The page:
She draws my attention to a recent interview with the founder who declared the group’s aim was to eradicate Arab thinking in their society, placing prejudice against women as an Arab problem. Yet this phenomenon exists across the world, whether it’s in the form of violence, lack of representation, or views of women as inferior. “I agree with what motivates her, that there is discrimination against women, there is injustice. But I think the actions and discourse of Femen don’t help that cause in any way and I hope she realises that.”
“I still hope there won’t be a prison sentence for her” she continues “but that’s nothing to do with Al-Nahda or the government. The government should not say either way. Everyone keeps talking about independence of the judiciary and that should be left for the courts to decide.”
That women’s rights, or the lack of them, be presented as an Arab problem is nothing new. Tunisia has been heavily criticised for only having a handful of women on their constituent assembly list, though 30% are female and 50% of the lists are headed by women. “There are more than in the UK parliament and in the French parliament and the US senate. No one talks about that” she says.
Another common misinterpretation is that the assemblies are dominated by Islamists, when in fact only 40% are headed by Al-Nahda. Of those headed by Al-Nahda, they are the only ones to be headed by women. “No other parties, who talk day and night about women’s empowerment and their fears about women, have put forward a woman as a head of committee, except Al-Nahda. I’m sure you never heard this in the press.”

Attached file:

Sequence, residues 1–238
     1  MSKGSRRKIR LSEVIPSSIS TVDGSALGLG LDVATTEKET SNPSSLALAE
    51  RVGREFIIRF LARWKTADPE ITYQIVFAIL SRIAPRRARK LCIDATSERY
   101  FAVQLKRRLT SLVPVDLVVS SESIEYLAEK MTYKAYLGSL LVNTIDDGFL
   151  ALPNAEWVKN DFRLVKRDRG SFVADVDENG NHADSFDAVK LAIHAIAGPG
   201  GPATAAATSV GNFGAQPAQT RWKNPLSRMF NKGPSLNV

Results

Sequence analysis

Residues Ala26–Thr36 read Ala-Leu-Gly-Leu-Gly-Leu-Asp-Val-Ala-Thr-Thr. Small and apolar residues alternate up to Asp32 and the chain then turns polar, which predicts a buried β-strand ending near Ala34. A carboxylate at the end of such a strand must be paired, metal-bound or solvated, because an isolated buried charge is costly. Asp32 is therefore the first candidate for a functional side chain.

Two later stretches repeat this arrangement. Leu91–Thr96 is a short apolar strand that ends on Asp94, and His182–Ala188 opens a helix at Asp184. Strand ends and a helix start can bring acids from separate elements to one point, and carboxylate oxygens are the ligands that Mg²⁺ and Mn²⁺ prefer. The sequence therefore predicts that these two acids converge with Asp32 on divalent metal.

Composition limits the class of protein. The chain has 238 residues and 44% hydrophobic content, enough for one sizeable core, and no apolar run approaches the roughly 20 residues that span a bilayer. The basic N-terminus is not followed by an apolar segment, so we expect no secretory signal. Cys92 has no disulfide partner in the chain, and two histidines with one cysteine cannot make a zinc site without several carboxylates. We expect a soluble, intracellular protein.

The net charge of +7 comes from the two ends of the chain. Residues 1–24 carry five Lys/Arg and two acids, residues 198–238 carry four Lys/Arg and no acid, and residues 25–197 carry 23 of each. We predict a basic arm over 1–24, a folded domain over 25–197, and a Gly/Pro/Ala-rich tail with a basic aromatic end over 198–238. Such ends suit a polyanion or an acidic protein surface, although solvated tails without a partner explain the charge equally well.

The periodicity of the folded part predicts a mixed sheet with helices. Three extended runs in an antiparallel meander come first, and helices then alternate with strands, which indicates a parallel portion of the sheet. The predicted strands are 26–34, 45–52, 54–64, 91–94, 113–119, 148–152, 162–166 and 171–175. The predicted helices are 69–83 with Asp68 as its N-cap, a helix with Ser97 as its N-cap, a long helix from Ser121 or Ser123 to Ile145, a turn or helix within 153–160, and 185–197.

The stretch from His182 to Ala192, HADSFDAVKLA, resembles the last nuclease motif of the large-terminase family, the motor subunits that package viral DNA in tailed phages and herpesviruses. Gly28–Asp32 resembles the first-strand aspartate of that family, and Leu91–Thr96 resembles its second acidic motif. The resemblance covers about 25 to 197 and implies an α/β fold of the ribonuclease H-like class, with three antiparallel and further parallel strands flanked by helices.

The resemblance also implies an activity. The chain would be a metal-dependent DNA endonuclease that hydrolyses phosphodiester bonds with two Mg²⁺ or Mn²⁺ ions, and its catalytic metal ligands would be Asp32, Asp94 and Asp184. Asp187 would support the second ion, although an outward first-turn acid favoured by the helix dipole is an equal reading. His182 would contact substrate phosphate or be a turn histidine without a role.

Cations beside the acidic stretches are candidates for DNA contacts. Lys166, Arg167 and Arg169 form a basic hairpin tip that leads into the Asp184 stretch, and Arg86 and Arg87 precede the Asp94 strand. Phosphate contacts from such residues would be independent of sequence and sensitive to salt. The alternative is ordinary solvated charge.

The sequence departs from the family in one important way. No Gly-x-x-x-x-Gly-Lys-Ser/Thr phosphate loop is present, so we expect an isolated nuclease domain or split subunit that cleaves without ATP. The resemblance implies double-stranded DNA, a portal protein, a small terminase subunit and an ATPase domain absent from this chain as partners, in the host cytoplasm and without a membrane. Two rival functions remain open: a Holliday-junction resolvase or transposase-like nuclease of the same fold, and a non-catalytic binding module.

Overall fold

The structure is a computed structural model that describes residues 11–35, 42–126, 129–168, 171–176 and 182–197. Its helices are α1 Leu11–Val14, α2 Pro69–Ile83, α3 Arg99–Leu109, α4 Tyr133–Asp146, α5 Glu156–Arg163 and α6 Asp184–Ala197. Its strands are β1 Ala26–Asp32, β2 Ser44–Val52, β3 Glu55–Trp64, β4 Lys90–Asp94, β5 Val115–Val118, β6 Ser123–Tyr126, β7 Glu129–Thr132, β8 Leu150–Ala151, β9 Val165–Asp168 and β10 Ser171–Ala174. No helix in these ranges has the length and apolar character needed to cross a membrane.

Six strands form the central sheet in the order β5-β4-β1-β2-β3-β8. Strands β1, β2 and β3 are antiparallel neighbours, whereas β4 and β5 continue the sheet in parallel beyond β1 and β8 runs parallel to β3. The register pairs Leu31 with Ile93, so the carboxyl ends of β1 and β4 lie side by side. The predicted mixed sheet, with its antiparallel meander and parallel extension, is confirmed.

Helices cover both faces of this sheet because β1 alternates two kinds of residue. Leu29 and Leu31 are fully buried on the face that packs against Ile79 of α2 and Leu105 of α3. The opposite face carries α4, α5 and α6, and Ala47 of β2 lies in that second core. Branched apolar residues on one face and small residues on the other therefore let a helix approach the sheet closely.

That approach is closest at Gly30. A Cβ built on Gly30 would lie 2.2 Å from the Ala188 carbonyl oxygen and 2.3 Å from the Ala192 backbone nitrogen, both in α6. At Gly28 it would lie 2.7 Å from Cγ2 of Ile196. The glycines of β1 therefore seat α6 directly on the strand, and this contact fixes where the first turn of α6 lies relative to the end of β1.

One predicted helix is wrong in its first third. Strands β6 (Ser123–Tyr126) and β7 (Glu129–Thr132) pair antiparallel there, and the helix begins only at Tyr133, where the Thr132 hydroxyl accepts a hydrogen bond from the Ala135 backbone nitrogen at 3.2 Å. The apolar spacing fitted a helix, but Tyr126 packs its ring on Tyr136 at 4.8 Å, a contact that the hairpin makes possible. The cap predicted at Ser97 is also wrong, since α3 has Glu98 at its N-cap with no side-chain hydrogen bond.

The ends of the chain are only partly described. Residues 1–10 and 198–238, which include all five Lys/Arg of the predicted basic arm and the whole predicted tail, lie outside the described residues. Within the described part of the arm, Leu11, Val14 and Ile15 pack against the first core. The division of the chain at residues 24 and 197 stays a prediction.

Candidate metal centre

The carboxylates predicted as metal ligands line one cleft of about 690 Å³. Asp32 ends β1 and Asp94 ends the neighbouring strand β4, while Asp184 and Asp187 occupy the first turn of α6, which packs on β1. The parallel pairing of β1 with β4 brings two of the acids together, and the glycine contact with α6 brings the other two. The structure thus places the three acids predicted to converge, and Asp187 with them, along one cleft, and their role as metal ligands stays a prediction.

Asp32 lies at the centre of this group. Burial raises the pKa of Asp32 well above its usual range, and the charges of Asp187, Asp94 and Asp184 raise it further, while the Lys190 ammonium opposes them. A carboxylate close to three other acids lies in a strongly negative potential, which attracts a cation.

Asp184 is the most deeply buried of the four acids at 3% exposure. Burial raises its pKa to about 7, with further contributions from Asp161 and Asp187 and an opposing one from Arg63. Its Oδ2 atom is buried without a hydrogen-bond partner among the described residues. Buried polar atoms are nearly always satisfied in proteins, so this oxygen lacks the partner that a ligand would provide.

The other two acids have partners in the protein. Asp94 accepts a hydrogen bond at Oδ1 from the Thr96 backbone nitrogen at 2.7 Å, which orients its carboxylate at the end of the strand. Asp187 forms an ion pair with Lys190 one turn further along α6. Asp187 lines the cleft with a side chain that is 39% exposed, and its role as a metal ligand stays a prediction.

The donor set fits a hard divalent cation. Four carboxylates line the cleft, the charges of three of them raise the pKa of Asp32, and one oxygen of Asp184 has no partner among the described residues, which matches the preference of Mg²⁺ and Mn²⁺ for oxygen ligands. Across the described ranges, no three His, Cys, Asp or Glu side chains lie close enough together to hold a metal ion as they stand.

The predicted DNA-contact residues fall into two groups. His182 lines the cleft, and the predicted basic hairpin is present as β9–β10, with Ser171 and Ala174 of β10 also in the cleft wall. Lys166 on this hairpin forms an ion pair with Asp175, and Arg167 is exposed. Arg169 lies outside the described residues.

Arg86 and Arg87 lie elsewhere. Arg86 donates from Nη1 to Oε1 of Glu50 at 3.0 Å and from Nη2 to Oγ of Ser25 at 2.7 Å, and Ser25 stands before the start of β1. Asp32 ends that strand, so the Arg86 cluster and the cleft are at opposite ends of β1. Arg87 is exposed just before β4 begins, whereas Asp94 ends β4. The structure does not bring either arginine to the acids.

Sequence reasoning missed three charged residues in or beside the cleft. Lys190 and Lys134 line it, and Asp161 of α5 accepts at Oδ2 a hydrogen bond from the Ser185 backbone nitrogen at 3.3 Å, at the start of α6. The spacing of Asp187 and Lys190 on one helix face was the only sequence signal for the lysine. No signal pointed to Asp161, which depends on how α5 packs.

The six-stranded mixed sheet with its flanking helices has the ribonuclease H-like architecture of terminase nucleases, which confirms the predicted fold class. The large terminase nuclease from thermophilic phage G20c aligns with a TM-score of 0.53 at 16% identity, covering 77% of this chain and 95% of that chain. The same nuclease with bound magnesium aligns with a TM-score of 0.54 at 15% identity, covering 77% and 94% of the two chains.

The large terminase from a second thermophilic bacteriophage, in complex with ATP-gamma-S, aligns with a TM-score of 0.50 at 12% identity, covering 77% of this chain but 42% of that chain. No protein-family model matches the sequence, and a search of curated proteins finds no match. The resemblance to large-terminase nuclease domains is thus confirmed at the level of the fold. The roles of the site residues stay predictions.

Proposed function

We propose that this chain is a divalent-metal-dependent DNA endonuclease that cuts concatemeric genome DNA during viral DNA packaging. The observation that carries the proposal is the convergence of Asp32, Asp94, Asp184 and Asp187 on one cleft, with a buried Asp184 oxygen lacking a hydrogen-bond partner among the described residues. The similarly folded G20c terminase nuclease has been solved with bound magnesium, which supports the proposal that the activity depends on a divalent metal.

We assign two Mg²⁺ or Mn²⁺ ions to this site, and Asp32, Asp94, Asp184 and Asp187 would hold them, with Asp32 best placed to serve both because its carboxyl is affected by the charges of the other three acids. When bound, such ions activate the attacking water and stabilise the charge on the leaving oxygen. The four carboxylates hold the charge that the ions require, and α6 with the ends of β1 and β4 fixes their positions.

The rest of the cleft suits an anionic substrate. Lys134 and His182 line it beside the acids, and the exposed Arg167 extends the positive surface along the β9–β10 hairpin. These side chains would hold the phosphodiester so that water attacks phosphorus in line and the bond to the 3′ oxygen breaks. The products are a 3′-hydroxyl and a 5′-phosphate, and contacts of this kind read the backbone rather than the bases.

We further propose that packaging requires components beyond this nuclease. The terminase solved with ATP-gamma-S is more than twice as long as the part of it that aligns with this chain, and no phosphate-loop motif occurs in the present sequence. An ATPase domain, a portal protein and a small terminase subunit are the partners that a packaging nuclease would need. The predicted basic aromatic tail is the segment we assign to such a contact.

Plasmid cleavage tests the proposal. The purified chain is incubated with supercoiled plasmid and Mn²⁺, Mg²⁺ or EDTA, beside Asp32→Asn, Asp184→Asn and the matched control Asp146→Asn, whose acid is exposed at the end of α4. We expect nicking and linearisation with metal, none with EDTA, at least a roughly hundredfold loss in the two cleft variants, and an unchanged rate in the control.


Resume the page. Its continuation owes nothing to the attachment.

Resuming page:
“Here at most briefings with western politicians I go to you don’t see women; many times I’m the only woman. They don’t notice that about themselves. It’s only the other that is questioned. It’s an issue everywhere around the world and once it’s recognised that way I think that will lead to more progress, instead of making it a cultural or religious issue.”
Another topic which has become synonymous with Tunisia’s problems is that of the Salafis. Typically branded violent extremists, Al-Nada have been criticised for dealing with them far too tolerantly. They are right wing, according to Yusra, but certainly not homogeneous. Whilst they have a more literal understanding of the sources, that’s their right, she says.
“That’s the whole Salafi trend, but within that you have those who are interested in scholarly interpretations of the sources, Salafi Alamiyya, textual scientific Salafis. Then you have people who are just Salafis in their own lifestyles, in the way they understand the sources and want to live by them. You have those who are more political and not violent.”
“You have those who preach violence and who practice violence” she continues. “So it’s a wide spectrum and to present them all as violent is wrong. That’s what Ben Ali used to do. Islamists are all enemies of democracy and women’s rights and they must all be eradicated. And it’s that policy that led to the emergence of radicalism.”
Often the government is linked to Salafis, and they are considered to be one and the same. But Al-Nahda believes in an interpretation of the sources that takes into consideration the evolution of society and the purposes of Sharia; rather than just the letter of the text, it takes the spirit. “The purpose of Sharia is justice, people’s interests. So that is to be taken into account when interpreting the Qur’an” explains Yusra.